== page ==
To help reduce the expenses that come along with building a farm road, the Perma-Zyme solution was designed to use organic content already present in the on-site soil, bonding those clay particles together to create a concrete-like surface. This permentation process helps reduce hauling expenses that are usually a large part of the road construction process since the native soil onsite can be utilized. Expanding clays tend to make building a road challenging since it can be difficult to work with once it gets wet. The equipment required for building a road with Perma-Zyme include:

  • water truck
  • motor grader
  • padfoot (sheepsfoot) compactor
  • drum compactor

The process is simple, rip up the soil using a grader, add Perma-Zyme to the water truck once it has been filled with water, spray the solution onto the soil, double check to make sure the soil has reached optimum moisture and then begin the compaction process using the padfoot (sheepsfoot) and smooth wheel rollers with their vibratory functions on.

Alternative Equipment

If you do not have access to all of the road construction equipment listed above, there are several alternatives to building a farm road with Perma-Zyme, such as using tractor implements or attachments, feed trucks, and wheel packing.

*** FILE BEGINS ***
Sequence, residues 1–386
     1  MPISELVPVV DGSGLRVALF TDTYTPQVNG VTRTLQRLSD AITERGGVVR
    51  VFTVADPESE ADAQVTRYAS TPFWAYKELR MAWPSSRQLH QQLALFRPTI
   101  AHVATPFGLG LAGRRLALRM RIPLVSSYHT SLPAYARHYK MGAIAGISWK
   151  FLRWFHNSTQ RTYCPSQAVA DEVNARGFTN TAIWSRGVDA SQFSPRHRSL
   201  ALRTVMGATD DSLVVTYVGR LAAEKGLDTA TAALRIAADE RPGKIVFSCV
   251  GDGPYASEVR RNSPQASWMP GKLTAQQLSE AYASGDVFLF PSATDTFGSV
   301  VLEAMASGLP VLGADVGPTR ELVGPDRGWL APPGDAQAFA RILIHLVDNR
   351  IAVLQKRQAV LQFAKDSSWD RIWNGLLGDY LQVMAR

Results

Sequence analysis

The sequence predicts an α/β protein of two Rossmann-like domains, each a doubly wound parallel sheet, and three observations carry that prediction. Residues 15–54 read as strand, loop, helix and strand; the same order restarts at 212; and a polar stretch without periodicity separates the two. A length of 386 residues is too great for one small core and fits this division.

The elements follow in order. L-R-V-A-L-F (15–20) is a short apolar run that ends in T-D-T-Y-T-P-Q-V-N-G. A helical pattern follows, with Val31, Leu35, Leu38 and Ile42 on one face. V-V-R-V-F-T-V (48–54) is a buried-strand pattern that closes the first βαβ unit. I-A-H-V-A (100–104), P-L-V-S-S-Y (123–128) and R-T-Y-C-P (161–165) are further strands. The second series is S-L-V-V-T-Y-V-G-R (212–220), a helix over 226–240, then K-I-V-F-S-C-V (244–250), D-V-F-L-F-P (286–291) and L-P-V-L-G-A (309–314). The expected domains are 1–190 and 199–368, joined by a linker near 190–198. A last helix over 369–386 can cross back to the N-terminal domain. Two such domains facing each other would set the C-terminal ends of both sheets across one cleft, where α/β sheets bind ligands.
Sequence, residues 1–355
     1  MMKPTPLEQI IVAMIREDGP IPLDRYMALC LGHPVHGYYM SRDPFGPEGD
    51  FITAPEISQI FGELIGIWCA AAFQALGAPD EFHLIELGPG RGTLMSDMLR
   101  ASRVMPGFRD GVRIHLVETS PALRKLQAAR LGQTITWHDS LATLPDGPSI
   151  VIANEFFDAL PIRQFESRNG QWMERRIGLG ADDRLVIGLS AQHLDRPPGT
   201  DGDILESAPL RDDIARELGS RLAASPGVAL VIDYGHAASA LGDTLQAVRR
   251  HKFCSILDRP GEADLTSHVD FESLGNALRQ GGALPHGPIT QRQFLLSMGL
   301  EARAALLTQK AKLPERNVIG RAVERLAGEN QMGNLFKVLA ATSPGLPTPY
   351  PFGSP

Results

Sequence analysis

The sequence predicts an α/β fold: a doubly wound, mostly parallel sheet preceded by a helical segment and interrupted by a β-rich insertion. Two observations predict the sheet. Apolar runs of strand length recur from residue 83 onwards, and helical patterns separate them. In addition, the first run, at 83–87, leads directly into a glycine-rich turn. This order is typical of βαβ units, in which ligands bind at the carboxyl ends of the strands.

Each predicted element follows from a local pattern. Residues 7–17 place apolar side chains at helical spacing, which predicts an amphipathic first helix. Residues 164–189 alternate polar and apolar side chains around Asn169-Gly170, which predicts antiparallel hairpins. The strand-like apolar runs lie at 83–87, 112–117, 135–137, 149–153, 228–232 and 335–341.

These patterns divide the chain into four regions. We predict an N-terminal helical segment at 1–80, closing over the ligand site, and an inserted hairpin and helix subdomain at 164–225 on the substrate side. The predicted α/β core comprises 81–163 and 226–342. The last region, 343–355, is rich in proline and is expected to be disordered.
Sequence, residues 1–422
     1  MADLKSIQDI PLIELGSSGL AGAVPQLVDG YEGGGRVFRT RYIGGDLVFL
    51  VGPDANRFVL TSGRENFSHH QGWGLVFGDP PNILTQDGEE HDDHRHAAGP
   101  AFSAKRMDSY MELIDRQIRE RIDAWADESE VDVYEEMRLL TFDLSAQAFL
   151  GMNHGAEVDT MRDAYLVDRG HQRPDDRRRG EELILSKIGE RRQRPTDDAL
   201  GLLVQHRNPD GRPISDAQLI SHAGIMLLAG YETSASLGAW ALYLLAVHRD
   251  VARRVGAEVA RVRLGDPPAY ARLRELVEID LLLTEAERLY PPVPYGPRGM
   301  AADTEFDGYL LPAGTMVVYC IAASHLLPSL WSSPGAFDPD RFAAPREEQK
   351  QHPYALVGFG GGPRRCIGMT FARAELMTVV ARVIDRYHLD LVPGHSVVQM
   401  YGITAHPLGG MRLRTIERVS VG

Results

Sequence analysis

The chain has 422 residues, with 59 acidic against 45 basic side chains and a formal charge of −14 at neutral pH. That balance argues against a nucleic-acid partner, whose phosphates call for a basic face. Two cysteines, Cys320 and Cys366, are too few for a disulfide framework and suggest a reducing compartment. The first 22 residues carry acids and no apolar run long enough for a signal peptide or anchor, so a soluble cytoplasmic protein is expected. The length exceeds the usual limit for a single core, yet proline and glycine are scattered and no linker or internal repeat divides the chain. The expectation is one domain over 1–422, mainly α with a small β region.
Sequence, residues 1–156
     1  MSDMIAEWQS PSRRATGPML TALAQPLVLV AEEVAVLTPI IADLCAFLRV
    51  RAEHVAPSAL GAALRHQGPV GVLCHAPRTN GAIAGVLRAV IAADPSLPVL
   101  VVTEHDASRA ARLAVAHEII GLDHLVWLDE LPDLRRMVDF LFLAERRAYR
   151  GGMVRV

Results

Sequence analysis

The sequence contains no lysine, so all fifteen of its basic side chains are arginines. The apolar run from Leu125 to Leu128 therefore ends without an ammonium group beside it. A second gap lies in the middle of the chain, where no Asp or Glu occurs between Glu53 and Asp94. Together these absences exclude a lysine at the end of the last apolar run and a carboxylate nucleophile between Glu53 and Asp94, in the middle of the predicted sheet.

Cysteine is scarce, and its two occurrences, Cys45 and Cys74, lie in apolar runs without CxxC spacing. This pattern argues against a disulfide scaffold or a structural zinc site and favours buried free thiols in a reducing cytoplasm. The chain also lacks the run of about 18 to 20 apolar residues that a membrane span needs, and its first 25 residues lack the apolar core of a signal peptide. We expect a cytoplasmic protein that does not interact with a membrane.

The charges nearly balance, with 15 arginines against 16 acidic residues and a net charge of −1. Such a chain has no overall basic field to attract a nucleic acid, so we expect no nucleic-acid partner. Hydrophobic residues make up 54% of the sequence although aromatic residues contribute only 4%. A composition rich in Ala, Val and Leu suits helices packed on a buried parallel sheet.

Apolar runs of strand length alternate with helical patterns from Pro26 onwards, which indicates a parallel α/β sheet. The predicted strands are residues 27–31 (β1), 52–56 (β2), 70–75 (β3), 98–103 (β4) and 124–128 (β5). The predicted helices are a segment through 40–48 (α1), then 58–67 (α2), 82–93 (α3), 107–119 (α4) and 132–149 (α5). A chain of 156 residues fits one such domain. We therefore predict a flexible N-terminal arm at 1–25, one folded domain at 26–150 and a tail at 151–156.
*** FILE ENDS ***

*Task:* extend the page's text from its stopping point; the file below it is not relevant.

To rip up the soil, one alternative is to use implements or attachments for your tractor. This includes a tiller attachment to rip up the soil, and a blade attachment to fold and unfold the soil.

Another alternative is to use a feed truck in place of a water truck to spray the Perma-Zyme and water mixture onto the soil. Perma-Zyme is made out of food grade material and will not harm the livestock feed. If you do not have either a feed truck or water truck, a 55-gallon drum can be used on the back of a pick-up truck to spray the soil. Wheel packing is an alternative method that can be used to replace compaction. Fill a water truck with water or use a front-end loader filled with soil and drive back and forth over the road. The weight of the equipment will compact the dirt.

The Perma-Zyme solution not only works with farm roads, it also works with gravel roads. All that needs to be changed in the process is to add a layer of gravel to the top of the road before compacting. After curing, the Perma-Zyme will have bonded the soil particles to the rocks.

Perma-Zyme can also be used for horse paddocks, cattle grazing areas, pastures to prevent over grazing, and feed yards/feedlots.

Allowing farmers to build a long-lasting, unpaved road is important because they most often do not get subsidized funding to repair damaged farm roads. They most likely have to rely on grants and loans for road repairs which can take the farmers a long time to receive the money and may not cover enough of the expenses. Perma-Zyme allows farmers to build an unpaved road that can last over 10 years without having to worry about the road getting rutted or washed out, and they can save up to 80% in road construction costs.